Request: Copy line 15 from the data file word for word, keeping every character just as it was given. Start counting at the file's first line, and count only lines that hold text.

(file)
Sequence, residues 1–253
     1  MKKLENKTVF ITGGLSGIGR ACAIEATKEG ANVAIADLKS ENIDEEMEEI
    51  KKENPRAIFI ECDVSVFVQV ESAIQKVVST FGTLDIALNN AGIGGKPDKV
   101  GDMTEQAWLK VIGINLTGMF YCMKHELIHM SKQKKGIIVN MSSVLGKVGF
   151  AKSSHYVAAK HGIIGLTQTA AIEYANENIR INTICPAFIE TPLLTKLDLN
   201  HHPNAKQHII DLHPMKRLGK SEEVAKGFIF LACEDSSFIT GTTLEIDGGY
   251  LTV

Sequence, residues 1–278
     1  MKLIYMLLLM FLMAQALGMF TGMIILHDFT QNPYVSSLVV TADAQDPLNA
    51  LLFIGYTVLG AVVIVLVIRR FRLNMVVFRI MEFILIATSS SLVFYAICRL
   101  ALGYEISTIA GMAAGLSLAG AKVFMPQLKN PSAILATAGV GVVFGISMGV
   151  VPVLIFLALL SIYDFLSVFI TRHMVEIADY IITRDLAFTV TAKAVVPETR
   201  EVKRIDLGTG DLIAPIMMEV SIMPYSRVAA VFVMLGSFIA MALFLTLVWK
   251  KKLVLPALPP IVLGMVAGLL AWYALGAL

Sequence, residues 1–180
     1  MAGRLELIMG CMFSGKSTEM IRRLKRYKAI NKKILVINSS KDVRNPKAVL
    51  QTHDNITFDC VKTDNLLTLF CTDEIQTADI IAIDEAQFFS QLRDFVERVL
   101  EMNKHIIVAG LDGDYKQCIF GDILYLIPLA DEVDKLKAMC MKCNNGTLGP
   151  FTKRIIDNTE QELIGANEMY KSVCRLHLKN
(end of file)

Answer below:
Sequence, residues 1–180